I’m suggesting, Sean, that if you add those two benefits together, rather than look at them in isolation, the case for early treatment is super strong. For some people too the prevention benefit is perceived as even stronger then the health benefit. Other people want to rid the virus from their bodies as much as they can, as soon as they can. It’s an emotional reaction.
Everybody is different and has different reasons for wanting to take treatment. But yes, there are so many potential benefits for starting treatment early.
I think too there are a lot of intangibles. People often feel really good about themselves, when in less than six months they have attained undetectable. We are hearing - and I can believe it - that it feels good, that it’s good for their mental health, their emotional health, they feel better about themselves. There are a lot of ripple effects we don’t always acknowledge. One thing I want to make clear though is that starting treatment early doesn’t mean they have to start the same day they are diagnosed.
Well a few months ago I was talking to some doctors, mostly from the United States, and asking them how are people responding to the offer of treatment after they had been newly diagnosed with HIV? They told me that people from all over generally don’t have a problem with starting treatment shortly after diagnosis – within a few weeks, or at most a few months, because the word has been getting out that treatment is good for you and its generally well tolerated and usually taken once daily. People between the ages of 18 and 40 generally had little concerns with starting therapy shortly after diagnosis. The group that did have some reservations was the group that were over 50 – and just some of them.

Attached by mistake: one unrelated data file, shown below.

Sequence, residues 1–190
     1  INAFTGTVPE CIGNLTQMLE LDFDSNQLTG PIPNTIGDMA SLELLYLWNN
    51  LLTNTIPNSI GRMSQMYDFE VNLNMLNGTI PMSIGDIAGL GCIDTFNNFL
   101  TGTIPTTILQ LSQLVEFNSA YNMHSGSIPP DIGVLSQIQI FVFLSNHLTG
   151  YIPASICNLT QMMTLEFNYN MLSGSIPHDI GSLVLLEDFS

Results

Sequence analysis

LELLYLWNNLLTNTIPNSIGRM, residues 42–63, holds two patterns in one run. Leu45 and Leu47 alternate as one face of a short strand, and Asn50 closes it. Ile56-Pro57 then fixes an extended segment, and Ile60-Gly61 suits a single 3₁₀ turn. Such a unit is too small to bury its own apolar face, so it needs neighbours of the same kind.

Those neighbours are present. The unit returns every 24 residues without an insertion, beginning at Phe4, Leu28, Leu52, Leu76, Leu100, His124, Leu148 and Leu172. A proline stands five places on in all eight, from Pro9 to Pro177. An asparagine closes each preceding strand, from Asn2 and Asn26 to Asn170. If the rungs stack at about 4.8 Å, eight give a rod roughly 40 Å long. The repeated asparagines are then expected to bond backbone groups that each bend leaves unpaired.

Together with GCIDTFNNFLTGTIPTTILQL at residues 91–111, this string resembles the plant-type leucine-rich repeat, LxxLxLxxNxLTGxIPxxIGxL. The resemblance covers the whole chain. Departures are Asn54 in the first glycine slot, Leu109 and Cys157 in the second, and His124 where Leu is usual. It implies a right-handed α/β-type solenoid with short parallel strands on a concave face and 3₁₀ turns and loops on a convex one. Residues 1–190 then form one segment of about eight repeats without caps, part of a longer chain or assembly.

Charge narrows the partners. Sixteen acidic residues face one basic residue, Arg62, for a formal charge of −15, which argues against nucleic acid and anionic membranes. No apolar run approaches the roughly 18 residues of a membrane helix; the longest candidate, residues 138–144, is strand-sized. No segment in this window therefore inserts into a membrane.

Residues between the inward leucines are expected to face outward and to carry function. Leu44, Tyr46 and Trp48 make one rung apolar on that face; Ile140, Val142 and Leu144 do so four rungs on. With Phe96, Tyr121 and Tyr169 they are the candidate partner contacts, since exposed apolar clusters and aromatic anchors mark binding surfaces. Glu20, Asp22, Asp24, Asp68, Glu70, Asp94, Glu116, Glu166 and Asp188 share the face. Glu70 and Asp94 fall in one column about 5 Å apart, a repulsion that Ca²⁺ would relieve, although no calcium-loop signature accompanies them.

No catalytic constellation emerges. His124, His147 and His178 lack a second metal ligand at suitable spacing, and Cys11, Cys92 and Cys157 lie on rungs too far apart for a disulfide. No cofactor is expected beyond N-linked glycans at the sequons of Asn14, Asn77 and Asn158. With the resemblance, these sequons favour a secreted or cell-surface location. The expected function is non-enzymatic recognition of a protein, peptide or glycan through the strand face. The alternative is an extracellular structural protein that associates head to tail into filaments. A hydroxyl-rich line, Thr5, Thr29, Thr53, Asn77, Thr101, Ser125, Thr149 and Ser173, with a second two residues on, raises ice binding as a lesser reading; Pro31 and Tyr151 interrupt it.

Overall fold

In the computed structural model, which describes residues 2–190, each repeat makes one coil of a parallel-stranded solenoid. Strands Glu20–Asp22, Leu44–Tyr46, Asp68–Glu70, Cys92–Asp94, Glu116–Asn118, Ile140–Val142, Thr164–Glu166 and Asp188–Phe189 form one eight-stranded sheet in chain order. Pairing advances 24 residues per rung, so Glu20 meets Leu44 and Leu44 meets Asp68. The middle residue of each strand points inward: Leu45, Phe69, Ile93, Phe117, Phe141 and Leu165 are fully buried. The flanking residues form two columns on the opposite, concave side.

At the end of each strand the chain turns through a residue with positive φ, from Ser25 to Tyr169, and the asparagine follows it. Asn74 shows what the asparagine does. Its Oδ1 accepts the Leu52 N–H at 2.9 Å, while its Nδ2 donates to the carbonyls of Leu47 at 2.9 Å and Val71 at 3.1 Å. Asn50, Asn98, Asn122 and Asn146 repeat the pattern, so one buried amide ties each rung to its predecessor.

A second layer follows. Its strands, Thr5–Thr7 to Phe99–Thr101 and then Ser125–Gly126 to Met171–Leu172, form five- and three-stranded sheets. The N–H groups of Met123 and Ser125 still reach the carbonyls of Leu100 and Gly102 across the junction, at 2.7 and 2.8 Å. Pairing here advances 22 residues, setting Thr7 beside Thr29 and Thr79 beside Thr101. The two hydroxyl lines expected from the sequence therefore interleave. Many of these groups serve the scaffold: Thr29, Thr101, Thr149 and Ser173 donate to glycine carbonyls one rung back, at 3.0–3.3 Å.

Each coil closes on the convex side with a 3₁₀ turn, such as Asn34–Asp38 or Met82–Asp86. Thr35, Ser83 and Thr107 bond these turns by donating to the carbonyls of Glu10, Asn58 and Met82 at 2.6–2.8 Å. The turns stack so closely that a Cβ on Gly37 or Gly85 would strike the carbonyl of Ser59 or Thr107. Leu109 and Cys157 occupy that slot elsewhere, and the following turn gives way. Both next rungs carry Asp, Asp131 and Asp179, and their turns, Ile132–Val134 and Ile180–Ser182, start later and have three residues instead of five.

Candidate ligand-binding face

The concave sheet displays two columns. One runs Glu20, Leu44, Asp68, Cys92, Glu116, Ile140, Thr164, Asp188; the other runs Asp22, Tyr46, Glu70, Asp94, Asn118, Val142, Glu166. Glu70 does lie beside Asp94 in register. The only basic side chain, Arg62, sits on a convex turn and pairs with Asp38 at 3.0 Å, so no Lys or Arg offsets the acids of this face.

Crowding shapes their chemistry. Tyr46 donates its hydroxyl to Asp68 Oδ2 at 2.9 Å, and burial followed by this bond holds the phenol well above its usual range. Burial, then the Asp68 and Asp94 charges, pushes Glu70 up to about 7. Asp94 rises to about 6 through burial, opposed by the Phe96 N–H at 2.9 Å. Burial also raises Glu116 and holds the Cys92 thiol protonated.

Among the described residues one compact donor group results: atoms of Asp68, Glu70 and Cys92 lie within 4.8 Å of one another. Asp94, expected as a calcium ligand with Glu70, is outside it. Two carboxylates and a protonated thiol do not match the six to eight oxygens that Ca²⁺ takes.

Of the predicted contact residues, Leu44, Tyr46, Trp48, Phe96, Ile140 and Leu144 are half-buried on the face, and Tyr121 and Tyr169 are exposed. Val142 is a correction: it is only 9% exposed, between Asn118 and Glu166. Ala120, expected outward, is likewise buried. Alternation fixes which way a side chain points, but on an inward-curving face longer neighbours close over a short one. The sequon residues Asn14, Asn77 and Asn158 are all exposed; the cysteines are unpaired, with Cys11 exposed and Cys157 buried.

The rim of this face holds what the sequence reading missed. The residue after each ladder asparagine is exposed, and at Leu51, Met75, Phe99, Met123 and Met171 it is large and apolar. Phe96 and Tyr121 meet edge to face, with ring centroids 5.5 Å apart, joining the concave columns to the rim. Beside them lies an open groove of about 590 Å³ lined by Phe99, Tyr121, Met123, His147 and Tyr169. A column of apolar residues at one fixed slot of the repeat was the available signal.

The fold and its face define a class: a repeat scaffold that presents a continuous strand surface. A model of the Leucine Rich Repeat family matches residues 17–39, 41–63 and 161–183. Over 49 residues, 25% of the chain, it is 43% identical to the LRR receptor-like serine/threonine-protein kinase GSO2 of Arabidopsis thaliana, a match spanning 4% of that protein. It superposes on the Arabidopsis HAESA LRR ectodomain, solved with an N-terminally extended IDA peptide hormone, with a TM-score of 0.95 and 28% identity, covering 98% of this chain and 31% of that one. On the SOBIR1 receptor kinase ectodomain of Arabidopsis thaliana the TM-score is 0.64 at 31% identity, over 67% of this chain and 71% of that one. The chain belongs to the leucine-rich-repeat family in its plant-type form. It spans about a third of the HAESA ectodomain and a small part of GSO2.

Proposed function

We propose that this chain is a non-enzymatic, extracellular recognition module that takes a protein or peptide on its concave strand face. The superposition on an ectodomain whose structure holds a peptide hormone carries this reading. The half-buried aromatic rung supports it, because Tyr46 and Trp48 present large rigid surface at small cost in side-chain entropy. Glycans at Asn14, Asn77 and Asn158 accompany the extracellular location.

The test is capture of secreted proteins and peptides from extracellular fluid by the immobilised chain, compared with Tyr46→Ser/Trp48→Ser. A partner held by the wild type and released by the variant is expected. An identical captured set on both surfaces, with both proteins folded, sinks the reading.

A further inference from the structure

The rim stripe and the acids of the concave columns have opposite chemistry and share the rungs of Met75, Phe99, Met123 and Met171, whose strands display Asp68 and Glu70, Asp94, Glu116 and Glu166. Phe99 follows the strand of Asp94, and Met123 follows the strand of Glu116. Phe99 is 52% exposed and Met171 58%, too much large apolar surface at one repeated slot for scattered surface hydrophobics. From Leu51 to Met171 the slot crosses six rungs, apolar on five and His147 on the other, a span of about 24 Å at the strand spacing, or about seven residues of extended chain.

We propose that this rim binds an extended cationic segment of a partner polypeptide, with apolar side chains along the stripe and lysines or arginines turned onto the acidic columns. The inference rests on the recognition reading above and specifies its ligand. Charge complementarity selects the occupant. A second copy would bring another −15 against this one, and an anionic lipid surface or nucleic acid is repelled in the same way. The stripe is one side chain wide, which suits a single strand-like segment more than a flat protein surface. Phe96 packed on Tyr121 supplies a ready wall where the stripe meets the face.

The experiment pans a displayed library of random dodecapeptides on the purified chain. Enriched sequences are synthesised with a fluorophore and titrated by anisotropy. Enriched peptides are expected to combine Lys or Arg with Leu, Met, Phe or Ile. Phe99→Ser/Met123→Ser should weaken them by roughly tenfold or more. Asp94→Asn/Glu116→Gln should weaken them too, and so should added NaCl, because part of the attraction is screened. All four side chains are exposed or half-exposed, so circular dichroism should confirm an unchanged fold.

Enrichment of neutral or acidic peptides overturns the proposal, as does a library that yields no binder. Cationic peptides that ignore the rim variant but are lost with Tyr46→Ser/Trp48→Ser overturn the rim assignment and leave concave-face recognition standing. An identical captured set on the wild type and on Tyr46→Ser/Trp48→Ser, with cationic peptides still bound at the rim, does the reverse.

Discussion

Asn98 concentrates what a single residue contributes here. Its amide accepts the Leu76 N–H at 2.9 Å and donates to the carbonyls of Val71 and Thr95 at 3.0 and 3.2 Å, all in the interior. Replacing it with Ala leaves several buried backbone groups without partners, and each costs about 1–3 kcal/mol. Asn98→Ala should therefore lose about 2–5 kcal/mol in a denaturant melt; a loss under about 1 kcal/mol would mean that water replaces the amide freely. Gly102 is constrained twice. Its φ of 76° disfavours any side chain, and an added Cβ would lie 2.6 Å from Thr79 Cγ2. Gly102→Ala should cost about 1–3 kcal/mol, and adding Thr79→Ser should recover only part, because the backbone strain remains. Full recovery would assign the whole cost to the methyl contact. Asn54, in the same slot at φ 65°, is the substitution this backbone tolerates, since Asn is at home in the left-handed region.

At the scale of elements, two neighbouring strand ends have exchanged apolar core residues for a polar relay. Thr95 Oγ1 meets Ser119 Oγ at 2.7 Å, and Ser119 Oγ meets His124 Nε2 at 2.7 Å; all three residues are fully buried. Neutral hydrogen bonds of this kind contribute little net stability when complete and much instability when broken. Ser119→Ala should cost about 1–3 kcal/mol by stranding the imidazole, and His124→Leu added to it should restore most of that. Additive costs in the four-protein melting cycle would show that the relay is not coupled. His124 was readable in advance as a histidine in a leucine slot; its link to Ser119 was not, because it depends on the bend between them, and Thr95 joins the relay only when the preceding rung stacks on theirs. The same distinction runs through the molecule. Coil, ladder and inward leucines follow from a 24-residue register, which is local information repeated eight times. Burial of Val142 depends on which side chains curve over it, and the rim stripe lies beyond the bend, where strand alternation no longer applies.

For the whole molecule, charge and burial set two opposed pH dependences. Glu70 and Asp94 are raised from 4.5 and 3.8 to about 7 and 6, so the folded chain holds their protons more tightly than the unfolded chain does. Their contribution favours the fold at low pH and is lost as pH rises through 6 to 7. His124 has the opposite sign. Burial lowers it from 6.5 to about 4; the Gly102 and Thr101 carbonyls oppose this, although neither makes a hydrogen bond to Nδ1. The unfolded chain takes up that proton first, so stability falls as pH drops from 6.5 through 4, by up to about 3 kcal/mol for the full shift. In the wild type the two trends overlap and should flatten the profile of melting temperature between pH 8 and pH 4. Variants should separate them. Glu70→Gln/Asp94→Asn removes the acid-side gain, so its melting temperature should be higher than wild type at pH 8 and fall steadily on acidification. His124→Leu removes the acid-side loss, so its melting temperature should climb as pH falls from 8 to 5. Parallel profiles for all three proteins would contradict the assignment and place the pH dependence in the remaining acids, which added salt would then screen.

I also heard from some doctors in B.C. that some patients are starting treatment the day they are diagnosed. Some patients want to. But you have to understand, they are getting counselling with the offer of therapy, advice about adherence; there are health navigators who help them through the health care system and other safeguards. Also, for many people who begin therapy today, the latest version of the guidelines developed for the U.S. Federal Health Ministry (called the Department of Health and Human Services or simply the DHHS) recommends very effective, safe and simple modern therapies (usually once daily). All of these factors play a role in a person’s decision to start treatment early.
But there will be some people who don’t want to start right away, for various reasons. How should we support them? They still may have concerns about side effects, or whether they can be adherent. Maybe they just don’t like taking pills, putting chemicals in their body? Bear in mind too at that point they may be somewhat confused, somewhat down, somewhat overwhelmed. Is that the best time to make such an important decision, to make such a big life-commitment?